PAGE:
Grievances Between Residents and Their Training Programs. JAMA. 1999;281(4):379. doi:10-1001/pubs.JAMA-ISSN-0098-7484-281-4-jrf80041
The AMA-RPS receives inquiries from residents engaged in disputes with
their training programs and with questions about grievance procedures.
The AMA's Council on Ethical and Judicial Affairs has 2 ethical
opinions on these topics.
The basic principles of a fair and objective hearing should
always be accorded to the physician or medical student whose
professional conduct is being reviewed. The fundamental aspects of a
fair hearing are a listing of specific charges, adequate notice of the
right of a hearing, the opportunity to be present and to rebut the
evidence, and the opportunity to present a defense. These principles
apply when the hearing body is a medical society tribunal, medical
staff committee, or other similar body composed of peers. The
composition of committees sitting in judgment of medical students,
residents, or fellows should include a significant number of persons at
a similar level of training.
These principles of fair play apply in all disciplinary hearings and in
any other type of hearing in which the reputation, professional status,
or livelihood of the physician or medical student may be negatively
All physicians and medical students should observe these
safeguards when serving on a committee that will pass judgment on a
peer. All medical societies and institutions are urged to review their
constitutions and bylaws and/or policies to make sure that these
instruments provide for such procedural safeguards. (Issued prior to
April 1977; Updated June 1994.)
Clear policies for handling complaints from medical
students, resident physicians, and other staff should be established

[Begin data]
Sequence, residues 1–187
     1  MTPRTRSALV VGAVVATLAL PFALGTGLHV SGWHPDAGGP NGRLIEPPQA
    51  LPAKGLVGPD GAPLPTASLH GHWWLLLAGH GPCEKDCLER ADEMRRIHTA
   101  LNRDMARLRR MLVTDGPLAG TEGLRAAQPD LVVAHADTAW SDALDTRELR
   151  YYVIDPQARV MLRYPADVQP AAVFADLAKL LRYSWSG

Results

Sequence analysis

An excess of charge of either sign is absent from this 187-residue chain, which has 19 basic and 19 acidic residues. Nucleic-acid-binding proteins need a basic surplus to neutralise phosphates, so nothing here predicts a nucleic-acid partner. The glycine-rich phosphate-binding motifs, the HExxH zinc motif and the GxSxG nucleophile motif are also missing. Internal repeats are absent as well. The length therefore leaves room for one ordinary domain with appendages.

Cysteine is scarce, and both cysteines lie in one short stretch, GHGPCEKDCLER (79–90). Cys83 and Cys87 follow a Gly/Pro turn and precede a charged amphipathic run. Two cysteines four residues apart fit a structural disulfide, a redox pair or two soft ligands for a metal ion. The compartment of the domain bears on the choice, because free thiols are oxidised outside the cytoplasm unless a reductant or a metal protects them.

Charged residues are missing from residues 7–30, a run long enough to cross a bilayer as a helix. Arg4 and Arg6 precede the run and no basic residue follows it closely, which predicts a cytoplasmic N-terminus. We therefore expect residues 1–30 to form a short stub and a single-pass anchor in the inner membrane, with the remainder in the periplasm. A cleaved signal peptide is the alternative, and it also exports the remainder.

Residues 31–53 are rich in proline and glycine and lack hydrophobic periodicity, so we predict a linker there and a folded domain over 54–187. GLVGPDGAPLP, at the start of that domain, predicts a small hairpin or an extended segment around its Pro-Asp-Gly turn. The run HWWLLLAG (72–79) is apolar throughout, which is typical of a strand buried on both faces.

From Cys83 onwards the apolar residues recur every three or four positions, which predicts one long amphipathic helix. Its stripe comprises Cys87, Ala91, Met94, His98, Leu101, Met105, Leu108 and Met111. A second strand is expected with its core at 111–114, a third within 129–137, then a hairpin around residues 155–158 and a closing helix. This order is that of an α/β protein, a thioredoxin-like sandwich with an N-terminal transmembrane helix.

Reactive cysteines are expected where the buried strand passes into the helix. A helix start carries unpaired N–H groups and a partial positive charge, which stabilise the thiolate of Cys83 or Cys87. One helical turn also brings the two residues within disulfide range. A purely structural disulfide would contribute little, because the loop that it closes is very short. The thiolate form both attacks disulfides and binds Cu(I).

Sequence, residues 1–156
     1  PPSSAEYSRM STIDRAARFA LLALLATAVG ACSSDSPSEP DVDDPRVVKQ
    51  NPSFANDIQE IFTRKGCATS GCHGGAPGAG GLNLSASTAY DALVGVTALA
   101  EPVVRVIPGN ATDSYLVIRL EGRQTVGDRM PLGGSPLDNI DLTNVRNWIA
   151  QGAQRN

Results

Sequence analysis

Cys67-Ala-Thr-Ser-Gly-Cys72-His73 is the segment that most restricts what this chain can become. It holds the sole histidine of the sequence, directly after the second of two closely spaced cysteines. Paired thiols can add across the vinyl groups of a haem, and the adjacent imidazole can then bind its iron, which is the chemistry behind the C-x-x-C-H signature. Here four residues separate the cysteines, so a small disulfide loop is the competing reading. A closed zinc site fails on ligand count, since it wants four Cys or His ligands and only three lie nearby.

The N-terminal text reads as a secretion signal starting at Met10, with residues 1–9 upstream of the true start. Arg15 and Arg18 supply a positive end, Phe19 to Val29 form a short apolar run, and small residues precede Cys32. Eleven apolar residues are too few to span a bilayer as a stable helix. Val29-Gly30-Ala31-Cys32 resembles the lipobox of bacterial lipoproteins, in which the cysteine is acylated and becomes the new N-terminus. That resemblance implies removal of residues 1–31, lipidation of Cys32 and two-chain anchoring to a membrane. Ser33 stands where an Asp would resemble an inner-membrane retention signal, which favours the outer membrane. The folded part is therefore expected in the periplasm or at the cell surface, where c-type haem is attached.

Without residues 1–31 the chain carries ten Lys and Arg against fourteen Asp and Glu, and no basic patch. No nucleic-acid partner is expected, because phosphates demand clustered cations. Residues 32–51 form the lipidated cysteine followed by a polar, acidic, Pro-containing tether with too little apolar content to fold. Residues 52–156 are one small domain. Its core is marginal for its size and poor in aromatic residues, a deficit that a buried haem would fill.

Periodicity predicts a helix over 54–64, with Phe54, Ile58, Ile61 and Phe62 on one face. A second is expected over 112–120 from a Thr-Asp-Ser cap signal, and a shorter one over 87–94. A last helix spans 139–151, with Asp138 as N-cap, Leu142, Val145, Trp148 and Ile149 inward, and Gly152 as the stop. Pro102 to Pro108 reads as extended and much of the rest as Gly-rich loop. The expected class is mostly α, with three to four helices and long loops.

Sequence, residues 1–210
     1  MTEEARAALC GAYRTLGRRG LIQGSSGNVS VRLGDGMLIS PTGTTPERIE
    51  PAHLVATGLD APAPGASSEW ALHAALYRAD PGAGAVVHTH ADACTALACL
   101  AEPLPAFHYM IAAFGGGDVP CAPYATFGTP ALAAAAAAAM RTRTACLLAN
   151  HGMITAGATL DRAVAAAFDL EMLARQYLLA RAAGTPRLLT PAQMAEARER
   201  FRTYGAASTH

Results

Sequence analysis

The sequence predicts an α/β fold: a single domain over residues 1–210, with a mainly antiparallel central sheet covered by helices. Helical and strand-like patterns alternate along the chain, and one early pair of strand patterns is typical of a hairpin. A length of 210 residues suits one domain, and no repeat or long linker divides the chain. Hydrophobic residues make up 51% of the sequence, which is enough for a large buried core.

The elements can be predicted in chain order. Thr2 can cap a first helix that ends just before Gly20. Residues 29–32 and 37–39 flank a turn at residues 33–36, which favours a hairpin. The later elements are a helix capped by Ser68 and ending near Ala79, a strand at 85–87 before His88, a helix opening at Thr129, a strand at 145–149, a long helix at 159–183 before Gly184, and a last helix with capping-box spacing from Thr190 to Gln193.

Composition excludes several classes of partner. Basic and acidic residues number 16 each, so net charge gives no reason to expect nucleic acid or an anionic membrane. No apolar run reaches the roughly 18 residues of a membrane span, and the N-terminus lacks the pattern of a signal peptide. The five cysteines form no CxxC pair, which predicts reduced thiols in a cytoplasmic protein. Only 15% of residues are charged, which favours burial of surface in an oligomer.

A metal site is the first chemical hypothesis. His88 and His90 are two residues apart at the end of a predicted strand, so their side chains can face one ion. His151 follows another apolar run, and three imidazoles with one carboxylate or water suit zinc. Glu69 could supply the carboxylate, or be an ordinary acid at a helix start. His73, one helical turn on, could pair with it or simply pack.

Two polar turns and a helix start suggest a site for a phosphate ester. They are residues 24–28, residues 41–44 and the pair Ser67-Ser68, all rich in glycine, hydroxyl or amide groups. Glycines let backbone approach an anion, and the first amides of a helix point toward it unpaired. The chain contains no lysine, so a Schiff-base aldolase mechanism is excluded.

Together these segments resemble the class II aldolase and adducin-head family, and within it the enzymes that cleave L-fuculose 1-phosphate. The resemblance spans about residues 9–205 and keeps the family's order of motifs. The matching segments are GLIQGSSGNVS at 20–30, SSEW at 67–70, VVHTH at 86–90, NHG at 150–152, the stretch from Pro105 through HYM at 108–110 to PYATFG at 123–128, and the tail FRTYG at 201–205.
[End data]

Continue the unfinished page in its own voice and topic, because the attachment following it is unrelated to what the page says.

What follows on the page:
and should include adequate provisions for protecting the
confidentiality of complainants. Confidentiality should be protected
when it does not hinder the subject's ability to respond to the
complaint. Access to employment and evaluation files should be
carefully monitored to remove the possibility of tampering. Resident
physicians should be permitted access to their employment files and
also the right to copy the contents thereof, within the provisions of
applicable federal and state laws.
Medical students, resident physicians, and other staff should
refuse to participate in patient care ordered by their supervisors in
cases in which the orders reflect serious errors in clinical or ethical
judgment, or physician impairment, that could result in a threat of
imminent harm to the patient or to others. In these rare cases, the
complainant may refuse to provide the care ordered by the supervisor,
if that will not threaten the patient's immediate welfare. The
complainant should communicate his or her concerns to the physician
issuing the orders and, if necessary, to those mediating such disputes.
Mechanisms for resolving these disputes immediately should be in place.
Third-party mediators of such disputes may include the chief of staff
or the involved service, the chief resident, a designated member of the
institutional grievance committee, or, in large institutions, an
institutional ombudsperson outside of the hospital staff hierarchy.
Retaliatory or punitive actions against those who raise complaints are
a legitimate cause for filing a grievance with the appropriate
institutional committee. (Issued June 1994 based on the
report1 issued December 1993.)